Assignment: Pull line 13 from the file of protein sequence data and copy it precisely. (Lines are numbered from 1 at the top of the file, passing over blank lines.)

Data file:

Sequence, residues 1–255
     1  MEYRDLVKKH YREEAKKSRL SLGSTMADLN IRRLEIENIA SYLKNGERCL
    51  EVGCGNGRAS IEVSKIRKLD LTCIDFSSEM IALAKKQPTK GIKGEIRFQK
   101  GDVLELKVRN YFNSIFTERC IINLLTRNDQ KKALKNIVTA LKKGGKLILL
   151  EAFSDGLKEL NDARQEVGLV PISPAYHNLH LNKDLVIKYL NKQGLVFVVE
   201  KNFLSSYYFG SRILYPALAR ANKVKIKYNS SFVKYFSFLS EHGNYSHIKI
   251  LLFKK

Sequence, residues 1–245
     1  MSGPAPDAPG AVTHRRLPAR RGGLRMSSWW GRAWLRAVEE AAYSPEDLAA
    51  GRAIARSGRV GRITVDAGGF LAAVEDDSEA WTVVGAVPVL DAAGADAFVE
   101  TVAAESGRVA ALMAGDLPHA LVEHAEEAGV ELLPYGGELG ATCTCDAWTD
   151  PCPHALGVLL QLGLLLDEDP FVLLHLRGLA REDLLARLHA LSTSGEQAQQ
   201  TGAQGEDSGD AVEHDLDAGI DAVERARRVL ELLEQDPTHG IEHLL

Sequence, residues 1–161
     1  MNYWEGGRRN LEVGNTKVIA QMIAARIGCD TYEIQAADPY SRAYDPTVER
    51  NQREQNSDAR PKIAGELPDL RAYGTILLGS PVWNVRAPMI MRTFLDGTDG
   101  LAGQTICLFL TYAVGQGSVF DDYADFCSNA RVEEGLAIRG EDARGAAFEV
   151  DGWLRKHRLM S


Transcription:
   201  TGAQGEDSGD AVEHDLDAGI DAVERARRVL ELLEQDPTHG IEHLL